The deadline for early learning and daycare centres to re-sign with the latest phase of the Alberta Affordability Grant is in just two days.
As of January 1, grants to daycare operators increased per-space which means parents pay less as part of the joint agreement between the federal and provincial governments for $10-dollar-a-day daycare.
Executive director of Daydreams ELCC in High River, Julia Gwyn-Morris, says some centres are refusing to sign up because of the way the funding works.
"You submit your hours for your parents' attendance and your staff attendance and all those wonderful things and then you wait six weeks for the funding to come in. If the government had thought ahead, they would have realized this, that it's putting some centres at some risk," she says.
They want the province to pay at least some of the money up front.
Some centres are seeing lower enrolments post-COVID and a lot of centres, she says, were at a low threshold for fees before the government stepped in and said they could not raise fees anymore.
"For whatever reason, the government again didn't negotiate or talk to those individual centres that could have gone back to them and said 'hey, it's artificially low, can we talk about this as to what is the average cost per day for a parent in my area' because the costs will vary around the province."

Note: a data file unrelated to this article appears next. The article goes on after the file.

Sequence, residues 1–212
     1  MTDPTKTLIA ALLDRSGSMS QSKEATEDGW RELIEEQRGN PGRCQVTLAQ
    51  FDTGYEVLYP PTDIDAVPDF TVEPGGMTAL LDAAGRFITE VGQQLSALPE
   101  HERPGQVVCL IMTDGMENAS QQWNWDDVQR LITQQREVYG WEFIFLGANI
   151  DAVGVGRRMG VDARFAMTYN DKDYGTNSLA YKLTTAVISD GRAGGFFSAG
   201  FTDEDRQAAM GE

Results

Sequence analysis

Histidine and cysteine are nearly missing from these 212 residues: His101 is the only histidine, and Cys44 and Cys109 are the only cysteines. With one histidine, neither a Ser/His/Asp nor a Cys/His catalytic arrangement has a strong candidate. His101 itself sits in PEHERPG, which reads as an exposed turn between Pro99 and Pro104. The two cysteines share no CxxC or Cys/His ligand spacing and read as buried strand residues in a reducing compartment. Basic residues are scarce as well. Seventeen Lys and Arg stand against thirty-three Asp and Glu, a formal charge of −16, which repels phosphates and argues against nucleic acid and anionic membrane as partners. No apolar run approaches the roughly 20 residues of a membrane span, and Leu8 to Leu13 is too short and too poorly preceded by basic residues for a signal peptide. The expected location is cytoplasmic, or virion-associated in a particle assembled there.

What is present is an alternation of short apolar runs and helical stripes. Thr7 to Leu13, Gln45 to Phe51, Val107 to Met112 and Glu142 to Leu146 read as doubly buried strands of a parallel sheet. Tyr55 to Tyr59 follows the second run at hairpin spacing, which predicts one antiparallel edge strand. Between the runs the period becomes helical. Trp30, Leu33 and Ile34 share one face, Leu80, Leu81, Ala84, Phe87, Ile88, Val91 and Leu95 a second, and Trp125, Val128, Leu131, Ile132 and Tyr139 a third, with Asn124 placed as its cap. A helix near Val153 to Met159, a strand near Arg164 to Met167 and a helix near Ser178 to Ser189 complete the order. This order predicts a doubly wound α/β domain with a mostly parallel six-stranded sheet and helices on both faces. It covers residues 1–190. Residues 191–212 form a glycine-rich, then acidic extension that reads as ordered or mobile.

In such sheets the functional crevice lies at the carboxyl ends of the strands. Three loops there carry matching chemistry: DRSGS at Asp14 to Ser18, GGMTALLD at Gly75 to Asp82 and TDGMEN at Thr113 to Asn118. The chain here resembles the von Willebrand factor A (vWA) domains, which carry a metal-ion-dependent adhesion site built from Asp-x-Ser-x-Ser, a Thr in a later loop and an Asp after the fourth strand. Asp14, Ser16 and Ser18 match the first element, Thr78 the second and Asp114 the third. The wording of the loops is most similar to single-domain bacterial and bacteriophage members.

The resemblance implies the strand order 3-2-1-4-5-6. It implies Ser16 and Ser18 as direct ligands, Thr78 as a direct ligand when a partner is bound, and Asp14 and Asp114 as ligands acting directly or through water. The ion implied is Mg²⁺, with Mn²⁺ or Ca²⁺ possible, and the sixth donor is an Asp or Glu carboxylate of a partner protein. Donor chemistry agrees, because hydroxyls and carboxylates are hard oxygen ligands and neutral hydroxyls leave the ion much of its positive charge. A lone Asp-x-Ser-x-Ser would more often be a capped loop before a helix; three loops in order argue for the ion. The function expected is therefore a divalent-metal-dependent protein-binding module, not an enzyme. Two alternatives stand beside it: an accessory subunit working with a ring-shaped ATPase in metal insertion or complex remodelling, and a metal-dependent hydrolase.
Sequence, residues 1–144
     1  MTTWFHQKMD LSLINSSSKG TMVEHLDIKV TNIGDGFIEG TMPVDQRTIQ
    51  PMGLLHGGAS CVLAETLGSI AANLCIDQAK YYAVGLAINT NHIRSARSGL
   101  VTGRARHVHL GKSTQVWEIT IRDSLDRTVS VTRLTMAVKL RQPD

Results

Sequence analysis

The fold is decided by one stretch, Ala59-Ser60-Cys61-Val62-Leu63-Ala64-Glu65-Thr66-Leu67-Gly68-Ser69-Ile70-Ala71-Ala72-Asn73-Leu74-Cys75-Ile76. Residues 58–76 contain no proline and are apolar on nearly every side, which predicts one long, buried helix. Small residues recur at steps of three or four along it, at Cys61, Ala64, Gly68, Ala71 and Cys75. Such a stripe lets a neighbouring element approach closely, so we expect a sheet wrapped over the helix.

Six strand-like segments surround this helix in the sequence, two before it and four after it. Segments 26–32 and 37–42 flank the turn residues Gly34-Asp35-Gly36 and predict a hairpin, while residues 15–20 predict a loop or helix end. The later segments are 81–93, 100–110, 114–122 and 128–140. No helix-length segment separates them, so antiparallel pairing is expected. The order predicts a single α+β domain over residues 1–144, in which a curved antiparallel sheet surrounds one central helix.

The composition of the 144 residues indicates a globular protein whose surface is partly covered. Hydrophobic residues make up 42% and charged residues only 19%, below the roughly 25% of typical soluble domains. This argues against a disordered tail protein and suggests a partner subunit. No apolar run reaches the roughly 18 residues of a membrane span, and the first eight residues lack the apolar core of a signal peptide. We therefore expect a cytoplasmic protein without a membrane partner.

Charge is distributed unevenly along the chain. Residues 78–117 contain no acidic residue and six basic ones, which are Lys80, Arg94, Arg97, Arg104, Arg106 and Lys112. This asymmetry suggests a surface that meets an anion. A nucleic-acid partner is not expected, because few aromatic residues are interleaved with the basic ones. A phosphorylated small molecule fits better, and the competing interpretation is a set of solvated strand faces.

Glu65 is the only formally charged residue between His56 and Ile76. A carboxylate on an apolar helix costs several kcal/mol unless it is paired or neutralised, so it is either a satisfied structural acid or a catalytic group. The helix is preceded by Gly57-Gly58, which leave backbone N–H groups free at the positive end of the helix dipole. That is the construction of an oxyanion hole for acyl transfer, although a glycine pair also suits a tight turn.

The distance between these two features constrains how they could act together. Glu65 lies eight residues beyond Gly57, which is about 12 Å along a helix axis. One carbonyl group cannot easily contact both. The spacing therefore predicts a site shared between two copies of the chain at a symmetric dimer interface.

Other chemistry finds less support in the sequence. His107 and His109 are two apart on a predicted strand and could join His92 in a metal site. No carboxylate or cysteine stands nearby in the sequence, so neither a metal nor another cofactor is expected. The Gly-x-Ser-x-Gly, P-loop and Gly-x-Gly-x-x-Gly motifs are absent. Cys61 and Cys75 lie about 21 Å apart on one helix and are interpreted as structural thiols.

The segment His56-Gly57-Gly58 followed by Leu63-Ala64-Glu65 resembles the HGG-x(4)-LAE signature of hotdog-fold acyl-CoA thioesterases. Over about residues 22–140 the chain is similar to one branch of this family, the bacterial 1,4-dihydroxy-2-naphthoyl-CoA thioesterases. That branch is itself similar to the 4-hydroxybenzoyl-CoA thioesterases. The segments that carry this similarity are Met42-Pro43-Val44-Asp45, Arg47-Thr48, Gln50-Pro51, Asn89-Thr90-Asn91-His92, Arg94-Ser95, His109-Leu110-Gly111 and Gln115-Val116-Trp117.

She says it's mostly daycares in larger centres like Calgary, Edmonton and Red Deer who are refusing to re-sign, hoping the province will come back and negotiate but Gwyn-Morris doesn't believe that'll happen.
The provincial government did allow them to raise rates by three per cent, but they were still falling behind when inflation was close to eight per cent and prices kept rising.
"There are centres that do have a valid issue. It's even affecting this community here. Your payrolls are coming out and there's definitely staff, all staff deserve to have more because they have been underpaid for so long that you don't have any room now to increase and as a non-profit you don't have any room, period."
Gwyn-Morris says if centres don't sign on, they could be "cutting their own throats" and some will go under because they'll have to increase fees well above what parents can afford.
She adds some centres have even said they don't want the government to tell them how to spend the grant money they get, but Gwyn-Morris says if you're taking taxpayer money you need to show exactly where you're spending it.
The province, she pointed out, even pays for the audit.